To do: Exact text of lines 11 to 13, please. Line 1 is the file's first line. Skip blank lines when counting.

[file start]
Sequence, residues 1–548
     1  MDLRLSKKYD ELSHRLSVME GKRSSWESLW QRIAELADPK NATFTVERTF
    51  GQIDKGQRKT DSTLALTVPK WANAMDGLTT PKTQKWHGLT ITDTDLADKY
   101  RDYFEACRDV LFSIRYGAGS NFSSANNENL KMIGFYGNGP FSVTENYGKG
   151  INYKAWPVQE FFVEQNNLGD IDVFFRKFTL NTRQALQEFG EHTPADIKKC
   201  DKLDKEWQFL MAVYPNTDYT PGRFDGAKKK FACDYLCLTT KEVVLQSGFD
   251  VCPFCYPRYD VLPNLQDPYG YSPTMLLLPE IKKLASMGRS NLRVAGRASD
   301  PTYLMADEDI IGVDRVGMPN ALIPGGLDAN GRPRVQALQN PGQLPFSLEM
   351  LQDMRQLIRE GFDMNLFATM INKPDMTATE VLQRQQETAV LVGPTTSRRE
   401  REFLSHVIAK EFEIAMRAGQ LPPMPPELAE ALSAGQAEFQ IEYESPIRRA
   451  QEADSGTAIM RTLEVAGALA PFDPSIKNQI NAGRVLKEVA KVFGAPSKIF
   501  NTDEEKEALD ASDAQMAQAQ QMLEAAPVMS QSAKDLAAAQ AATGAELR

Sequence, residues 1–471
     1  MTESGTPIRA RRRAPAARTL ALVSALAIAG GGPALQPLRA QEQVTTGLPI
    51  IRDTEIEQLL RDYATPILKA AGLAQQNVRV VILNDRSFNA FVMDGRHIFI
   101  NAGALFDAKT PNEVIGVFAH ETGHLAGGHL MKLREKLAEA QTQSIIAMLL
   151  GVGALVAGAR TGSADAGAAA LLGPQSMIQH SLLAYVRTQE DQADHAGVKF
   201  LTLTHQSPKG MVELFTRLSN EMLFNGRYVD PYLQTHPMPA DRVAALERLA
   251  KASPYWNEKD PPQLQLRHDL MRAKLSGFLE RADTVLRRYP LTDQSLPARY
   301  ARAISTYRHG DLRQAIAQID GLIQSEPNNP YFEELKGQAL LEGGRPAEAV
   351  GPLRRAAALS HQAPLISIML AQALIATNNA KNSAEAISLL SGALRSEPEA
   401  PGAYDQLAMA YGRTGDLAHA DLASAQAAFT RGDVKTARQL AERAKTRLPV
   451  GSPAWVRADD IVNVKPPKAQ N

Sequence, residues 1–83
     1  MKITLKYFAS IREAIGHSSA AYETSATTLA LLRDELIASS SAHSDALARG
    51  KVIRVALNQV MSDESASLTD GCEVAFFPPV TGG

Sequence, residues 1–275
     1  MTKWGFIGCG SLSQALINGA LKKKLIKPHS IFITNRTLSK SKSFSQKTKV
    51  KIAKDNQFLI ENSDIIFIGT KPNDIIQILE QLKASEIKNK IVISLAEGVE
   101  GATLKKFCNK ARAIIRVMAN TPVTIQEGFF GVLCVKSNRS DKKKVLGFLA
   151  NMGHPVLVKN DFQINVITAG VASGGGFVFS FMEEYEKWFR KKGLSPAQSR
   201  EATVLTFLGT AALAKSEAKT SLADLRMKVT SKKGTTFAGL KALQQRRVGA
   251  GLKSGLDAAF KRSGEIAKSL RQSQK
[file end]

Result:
   451  QEADSGTAIM RTLEVAGALA PFDPSIKNQI NAGRVLKEVA KVFGAPSKIF
   501  NTDEEKEALD ASDAQMAQAQ QMLEAAPVMS QSAKDLAAAQ AATGAELR

Sequence, residues 1–471